7 Replies Latest reply on Oct 16, 2013 10:42 AM by pmconaway

    Creating Youtube Training Videos


      What is the most efficient process to transfer screenshots of sequential FM12 records to Youtube for training presentations with good quality video and audio? Thanks.

        • 1. Re: Creating Youtube Training Videos

          You will find several other threads on this topic. Try a search. "screen capture" might do it...


          I use ScreenFlow on a Mac. My youtube channel has not been touched since I uploaded my first (test) video... that was a screenflow of a screen saver slide show.


          It really depends on the features you want and the platform you are using etc.


          I do use mine regularly. I like to snapshot a project for a client to show progress or to ask a question it helps them conceptualise the circumstances. Because I do a lot of web stuff I can show specifics... like 3 levels of access accounts... without having to send them long explanations of how they log in and look at each. Screenflow records your clicks which you can choose to animate and it allows you to record extra voice-overs and/or a music track or other video and best of all you can cut and paste bits and pieces together. It also has settings for exporting to youtube etc.


          Other software have similar features and additional or substitute features so it is best to check out a few.


          - Lyndsay

          1 of 1 people found this helpful
          • 2. Re: Creating Youtube Training Videos



            Thanks for your useful reply.

            My preference is to record screenshots directly from a sequence of screens in an FM12 db, but even using Screenflow on a MacBook Air I still find that my videos on Youtube end up grainy with poor resolution.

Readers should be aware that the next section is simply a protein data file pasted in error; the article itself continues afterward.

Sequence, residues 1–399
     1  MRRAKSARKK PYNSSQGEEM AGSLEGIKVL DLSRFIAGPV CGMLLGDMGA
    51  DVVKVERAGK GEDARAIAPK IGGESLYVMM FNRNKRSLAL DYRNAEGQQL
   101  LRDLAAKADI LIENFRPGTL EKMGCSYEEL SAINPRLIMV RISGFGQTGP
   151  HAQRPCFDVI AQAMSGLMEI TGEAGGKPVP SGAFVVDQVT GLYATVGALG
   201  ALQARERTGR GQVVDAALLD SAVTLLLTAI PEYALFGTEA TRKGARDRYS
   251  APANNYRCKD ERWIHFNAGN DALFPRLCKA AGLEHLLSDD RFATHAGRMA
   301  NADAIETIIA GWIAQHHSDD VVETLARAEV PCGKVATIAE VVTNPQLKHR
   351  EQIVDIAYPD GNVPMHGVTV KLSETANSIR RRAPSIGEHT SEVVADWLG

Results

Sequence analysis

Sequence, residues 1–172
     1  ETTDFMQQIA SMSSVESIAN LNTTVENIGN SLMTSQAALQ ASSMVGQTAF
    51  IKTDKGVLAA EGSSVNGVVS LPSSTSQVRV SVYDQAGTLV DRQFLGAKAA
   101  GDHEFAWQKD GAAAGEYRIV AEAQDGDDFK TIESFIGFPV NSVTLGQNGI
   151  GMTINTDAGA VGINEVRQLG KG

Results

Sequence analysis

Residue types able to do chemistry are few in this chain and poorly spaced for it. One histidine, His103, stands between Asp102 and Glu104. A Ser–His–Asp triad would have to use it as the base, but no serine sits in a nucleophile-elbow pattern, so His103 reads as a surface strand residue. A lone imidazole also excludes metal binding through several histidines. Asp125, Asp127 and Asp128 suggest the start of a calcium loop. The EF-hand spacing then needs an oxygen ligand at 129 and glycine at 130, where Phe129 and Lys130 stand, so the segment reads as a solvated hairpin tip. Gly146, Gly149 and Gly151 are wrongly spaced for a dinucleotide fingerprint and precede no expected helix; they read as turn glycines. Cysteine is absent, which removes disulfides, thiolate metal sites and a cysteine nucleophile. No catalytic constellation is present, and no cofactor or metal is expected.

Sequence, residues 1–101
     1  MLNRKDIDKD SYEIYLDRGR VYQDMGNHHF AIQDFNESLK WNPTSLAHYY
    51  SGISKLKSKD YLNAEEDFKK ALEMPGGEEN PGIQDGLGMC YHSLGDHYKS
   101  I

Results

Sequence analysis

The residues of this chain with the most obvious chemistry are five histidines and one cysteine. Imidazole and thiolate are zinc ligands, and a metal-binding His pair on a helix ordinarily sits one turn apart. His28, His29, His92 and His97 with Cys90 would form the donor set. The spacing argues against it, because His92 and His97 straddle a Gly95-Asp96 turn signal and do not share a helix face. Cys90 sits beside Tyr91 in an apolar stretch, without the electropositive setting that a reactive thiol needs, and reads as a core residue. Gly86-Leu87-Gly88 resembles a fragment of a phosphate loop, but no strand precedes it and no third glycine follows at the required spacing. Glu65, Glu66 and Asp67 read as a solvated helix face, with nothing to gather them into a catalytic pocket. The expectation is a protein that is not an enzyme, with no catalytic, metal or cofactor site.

While I like the other Screenflow features you mentioned, the resolution issue is most important.

            Converting FM12 screen pages to PDFs, importing each individually to a Keynote presentation, and recording from Keynote seems to work best, but this is too time-consuming.

            Any other suggestions you may have concerning the resolution issue would be appreciated.



            • 3. Re: Creating Youtube Training Videos

              Take a look at Screensteps it might help



              • 4. Re: Creating Youtube Training Videos

                It sounds like there are two things you can check. The first is the compression/export settings in Screenflow, which might be configured to optimise filesize in preference to image quality.


                The other is the options in your YouTube account. I've never used it, but there might be restrictions on free accounts or something.


                Both of these can be checked by playing the Screenflow captured movie on your MBA. If it looks good there, the problem is with YouTube, if not then Screenflow is probably at fault.

                • 5. Re: Creating Youtube Training Videos

                  Yes... you need to play with how you export it.

                  You might not want to use the auto-export to youtube settings but rather export a higher quality movie and upload that...

                  The youtube export might be dropping it down to smartphone sizes or such...


                  - Lyndsay

                  • 6. Re: Creating Youtube Training Videos

                    Thanks all again for the feedback.

                    For reasons that are not totally clear to me, ScreenR seems to put up the clearest video on YT directly from my FM12 App on my Win7 PC. But ScreenR has much more limited editing capabilities vs. the other options out there. So I will keep testing to find the right mix of features to meet my needs.

                    • 7. Re: Creating Youtube Training Videos

                      eqitec, look at Camtasia (smithmicro). It's similar to screenflow and runs on both the Mac and PC and has a lot of options when it comes to exporting videos. And I would agree with Lyndsay, you need to look into the export settings. They make all the difference in what you get as a final product.